Almost all of the inflation adjusted post-tax, post-transfer payment income growth in the United States in the time period from 1979-2011 has accrued to the top 1% of the income distribution. Their income has increased at a rate of 3.4% to 3.9% per annum (depending on the inflation index used) in that 32 year time period from $281,000 (in 2011 dollars) in 1979 to $918,000 (in 2011 dollars) in 2011. The top 1% has seen its income relative to the bottom 20% increase by 243% in that time period. Those in the next lower 3% of the income distribution have seen 40% income growth relative to the bottom 20% in that time period.
Everyone else has had seen declining income or had income growth indistinguishable from zero in that time period. Avoiding a decline in relative income for those in the 20th to 60th percentiles of income has been made possible only with substantial transfer payments to the middle class.
Why has this taken place? The decline of unions? Tax and welfare policies? A genuine change in the way that goods and services are produced that makes the 1% much, much more productive than anyone else?
Is it possible to change this without undue harm to overall productivity? This depends to a great extent on the answer to why this has happened. Is it "real" or "artificial" in any meaningful sense?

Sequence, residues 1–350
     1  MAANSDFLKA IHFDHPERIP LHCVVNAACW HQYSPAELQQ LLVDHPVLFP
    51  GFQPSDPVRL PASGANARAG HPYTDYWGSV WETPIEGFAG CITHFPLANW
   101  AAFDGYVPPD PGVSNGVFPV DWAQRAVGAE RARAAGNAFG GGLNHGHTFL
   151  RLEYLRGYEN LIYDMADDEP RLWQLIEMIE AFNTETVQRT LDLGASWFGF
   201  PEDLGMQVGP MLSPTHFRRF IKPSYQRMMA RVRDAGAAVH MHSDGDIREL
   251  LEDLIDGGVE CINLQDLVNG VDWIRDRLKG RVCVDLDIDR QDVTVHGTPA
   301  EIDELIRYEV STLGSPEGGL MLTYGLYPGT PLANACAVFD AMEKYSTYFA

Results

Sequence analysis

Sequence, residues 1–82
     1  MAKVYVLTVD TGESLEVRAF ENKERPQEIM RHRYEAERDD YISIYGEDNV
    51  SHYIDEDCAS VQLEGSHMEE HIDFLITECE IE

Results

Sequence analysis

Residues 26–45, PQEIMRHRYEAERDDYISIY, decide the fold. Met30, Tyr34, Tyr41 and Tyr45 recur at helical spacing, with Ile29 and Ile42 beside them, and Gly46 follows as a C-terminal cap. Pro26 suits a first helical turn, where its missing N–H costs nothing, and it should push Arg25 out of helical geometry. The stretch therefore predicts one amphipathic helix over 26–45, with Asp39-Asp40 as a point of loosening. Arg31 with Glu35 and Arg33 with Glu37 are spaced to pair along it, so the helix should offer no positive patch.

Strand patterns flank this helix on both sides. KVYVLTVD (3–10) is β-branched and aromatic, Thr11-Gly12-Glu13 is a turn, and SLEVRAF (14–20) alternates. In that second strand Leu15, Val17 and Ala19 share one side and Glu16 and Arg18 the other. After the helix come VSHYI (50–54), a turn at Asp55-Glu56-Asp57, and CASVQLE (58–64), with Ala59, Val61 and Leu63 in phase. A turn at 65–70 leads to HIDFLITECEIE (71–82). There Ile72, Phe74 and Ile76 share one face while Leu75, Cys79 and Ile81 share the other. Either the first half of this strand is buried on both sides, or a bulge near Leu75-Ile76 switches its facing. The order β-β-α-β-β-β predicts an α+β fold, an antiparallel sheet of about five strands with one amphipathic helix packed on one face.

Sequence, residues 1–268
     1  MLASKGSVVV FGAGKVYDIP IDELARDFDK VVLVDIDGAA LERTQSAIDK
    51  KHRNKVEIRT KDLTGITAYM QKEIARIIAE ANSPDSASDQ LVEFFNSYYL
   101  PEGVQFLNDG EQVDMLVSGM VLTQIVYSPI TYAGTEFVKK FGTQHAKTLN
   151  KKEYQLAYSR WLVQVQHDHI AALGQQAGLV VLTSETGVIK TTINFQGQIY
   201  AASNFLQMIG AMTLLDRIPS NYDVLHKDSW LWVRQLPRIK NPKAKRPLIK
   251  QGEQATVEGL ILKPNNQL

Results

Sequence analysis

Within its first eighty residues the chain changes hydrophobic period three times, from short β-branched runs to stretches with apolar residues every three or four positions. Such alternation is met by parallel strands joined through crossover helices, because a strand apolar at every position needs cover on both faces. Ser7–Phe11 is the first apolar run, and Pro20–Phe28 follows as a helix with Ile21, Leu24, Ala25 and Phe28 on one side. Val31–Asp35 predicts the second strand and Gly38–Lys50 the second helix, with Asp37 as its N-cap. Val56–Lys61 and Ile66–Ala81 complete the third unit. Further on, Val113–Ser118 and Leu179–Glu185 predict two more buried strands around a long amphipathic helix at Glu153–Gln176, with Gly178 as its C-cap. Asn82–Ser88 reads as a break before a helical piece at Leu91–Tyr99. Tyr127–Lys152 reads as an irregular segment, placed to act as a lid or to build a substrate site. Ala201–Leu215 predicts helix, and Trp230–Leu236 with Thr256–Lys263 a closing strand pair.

A 2006 study suggest that this is largely due to incredible income gains in geographically concentrated growth in the IT and financial industry (largely confined to ten of the roughly 3000 U.S. counties).
There is a coincidence between the fall of private sector unions and increased inequality to third-world levels both in Colorado and in the U.S. We are at historic record levels of income inequality and wealth inequality. A conceptual analysis of the limits of an incentive outlook is here.
U.S. corporate law governing how executive compensation is set may also be a factor. Inequality may actually be a drag on the economy. Lack of class mobility is also a concern in the U.S. relative to its peers.
Tax breaks for the affluent are an important factor in rising inequality. Higher ed tax credits have had very little impact in improving access to higher education.
The mix of occupations in the economy has changed.
This is not some revolutionary new discovery.
I posted an analysis reaching an almost identical conclusion 27 months ago and also 42 months ago (considering causes related to the tax code and bankruptcy code) A 2009 analysis revealed that contrary to the expectation of mainstream economists, this gap survived the Great Recession (and noting considerable geographic variation in the recovery rates).